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Doc Talk: Dr. Harley Eisman

By Fondation du Children,

We sat down with Dr. Harley Eisman, Director of The Children’s Emergency Department. Between running one of the busiest ERs in North America and planning the move to our new facilities on the Glen site, this dedicated Doc has his work cut out for him!

Q: Did you always know you wanted to be a doctor?

A: I definitely always knew I wanted to work in the sciences, but I wasn’t sure if it would be medicine, or engineering, or something else altogether. Then when I was a teenager, I worked at a sleep away camp and it was a real eye opener for me.  It made me realize how much I enjoy working with people, especially kids. From that point on I knew it would be medicine.

Q: Why pediatrics?

A: For me, it always had to be about kids. I narrowed it down to Pediatrics, ENT or Obstetrics and Gynecology, then I did a mentorship at The Children’s as a medical student and that cemented it –I decided on pediatrics, and on The Children’s.

Q: What do you think are the most important qualities for an ER doctor to have?

A: Being a good listener is critical; leadership skills and the ability to lead by example, the confidence to be able to make hard decisions with whatever information you have.

Q: If you weren’t a doctor, what would you be doing?

A: My grandfather was an electrical engineer trained in Europe, so it always appealed to me to follow in his footsteps. I had big plans to start an electronics company called Eisman Electronics Inc. It’s probably best that didn’t happen though – I’m sure we’d have been put out of business by Apple by now!

Q: Have things changed in emergency medicine since you first started, 20 years ago?

A: It has and it hasn’t. The important stuff – the spirit of the team, the caregivers’ commitment to patients and their families – is exactly the same. I still walk in the doors every day and feel that The Children’s is an awesome place to be. What we do medically though has changed dramatically. Advances in medicine and technology have meant that we see fewer basic cases – croup, etc., and more complex cases. And of course the ER has been renovated since then, so it looks different, too!

Q: What’s the first thing you do when you arrive in the morning?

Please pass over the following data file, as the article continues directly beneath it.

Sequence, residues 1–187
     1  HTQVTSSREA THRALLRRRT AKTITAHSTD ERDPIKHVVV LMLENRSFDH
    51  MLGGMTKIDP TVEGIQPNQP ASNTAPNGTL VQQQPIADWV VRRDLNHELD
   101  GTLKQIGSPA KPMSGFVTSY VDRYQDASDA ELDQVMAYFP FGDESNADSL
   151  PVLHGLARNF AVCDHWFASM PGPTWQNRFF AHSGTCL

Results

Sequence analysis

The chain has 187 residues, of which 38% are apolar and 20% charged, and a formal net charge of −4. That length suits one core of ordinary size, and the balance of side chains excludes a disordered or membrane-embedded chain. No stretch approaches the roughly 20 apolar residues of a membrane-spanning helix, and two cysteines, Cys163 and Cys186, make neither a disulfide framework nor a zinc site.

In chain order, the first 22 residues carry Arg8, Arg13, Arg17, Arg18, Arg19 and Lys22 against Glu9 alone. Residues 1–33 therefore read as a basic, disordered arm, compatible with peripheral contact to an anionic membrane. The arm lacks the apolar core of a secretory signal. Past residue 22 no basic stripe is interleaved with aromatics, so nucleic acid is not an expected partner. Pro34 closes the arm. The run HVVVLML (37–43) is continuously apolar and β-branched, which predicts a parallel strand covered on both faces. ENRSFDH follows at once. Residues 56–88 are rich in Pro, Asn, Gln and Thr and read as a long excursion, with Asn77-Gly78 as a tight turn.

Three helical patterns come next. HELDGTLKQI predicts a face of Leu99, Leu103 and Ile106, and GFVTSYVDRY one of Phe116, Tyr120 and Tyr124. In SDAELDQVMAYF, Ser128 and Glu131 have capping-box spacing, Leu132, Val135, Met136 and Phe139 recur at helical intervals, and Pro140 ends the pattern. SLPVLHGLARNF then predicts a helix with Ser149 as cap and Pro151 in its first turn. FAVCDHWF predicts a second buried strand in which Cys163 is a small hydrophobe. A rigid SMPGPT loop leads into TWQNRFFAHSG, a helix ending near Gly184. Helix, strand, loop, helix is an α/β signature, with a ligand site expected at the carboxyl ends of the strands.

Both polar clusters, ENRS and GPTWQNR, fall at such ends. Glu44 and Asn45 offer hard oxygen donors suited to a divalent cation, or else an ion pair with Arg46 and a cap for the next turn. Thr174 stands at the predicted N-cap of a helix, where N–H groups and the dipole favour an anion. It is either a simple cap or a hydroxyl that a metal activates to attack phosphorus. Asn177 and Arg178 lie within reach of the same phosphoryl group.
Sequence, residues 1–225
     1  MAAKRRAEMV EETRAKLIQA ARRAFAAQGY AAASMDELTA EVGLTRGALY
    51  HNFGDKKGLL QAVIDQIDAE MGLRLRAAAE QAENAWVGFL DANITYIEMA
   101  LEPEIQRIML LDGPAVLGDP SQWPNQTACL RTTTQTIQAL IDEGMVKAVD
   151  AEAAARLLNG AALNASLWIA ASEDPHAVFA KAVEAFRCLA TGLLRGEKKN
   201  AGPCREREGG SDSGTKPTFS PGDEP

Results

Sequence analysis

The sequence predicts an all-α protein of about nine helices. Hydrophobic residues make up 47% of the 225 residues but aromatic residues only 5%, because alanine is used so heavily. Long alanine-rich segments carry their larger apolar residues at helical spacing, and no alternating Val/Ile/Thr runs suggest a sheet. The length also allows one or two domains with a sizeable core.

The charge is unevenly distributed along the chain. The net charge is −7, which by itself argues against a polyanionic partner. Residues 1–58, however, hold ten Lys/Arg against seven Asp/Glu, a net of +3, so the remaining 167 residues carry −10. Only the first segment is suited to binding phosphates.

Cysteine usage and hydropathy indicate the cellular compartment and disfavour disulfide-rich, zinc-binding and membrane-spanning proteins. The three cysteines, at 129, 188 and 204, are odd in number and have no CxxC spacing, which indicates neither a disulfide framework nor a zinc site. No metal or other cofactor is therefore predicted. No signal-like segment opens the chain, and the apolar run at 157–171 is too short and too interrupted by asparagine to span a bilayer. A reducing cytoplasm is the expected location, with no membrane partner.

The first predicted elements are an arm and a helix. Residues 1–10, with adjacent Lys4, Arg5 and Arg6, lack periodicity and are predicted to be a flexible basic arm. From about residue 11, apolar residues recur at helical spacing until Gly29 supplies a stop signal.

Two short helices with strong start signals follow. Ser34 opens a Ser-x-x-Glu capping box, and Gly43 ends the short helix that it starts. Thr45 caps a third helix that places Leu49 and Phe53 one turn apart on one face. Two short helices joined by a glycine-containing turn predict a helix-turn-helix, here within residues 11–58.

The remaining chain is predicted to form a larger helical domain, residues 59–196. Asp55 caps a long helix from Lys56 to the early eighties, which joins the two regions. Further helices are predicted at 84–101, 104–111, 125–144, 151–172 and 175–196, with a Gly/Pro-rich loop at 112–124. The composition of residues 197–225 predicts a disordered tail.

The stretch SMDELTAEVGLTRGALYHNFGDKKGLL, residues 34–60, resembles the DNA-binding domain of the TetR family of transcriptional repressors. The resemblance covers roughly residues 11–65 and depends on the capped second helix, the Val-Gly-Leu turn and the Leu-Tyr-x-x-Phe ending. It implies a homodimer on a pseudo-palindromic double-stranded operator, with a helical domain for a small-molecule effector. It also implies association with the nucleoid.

A: Every single day at 8 a.m. the Director of Inpatient Nursing Operations and I have a “bed huddle.” This is something we instituted a couple of years ago and it’s been amazing. Essentially, we make sure that every child who needs a bed that day gets one.

Q: What’s the best part of your job?

A: Even though I’m an administrator now, I love working in the ER doing shifts and being there to take care of kids. I feel so lucky to be in a position to make a positive difference for families – which we are almost always able to do.

Q: What’s the most challenging situation you’ve been in?

A: Although I’ve seen plenty of difficult, complex cases over the years, I have to say the greatest challenge of my career, and one of the most exciting, has been planning the move to our new facilities. Leading and planning change on that scale has been a huge undertaking; it’s become something that runs through the background of my brain almost all the time.

Q: What are you most excited about when The Children’s moves to the Glen in 2015?

A: So many things! First of all, the square footage will be double what we have now. And the patient experience will be vastly different; the ER will have private rooms, the waiting room will be more comfortable, and there’ll be a sheltered drive-up, so no one has to battle the cold. The layout will be different too; it will be planned better so that caregivers have everything they need right at their sides, which results in a better experience for patients.

Q: Do you have any hobbies to help you deal with the stress of the job?

A: Am I allowed to say that administration is my hobby? Just kidding. I’m actually a bit of a do-it-yourselfer at home; I love to take on little renovation projects, especially in the kids’ rooms.

Q: What’s the best lesson you’ve learned from your kids?

A: You’re going to laugh, but my kids have actually taught me to be a better physician. I always say it: you only learn true pediatrics when you become a parent. I have three amazing kids, and nothing I have ever read in a book compares to what I’ve learned from them. I have to mention my wife, too – she’s the best teacher I know. When I used to get questions from new moms about feeding and things like that, I would invariably call my wife. She’s the best.

© 2017 The Montreal
Children’s Hospital Foundation

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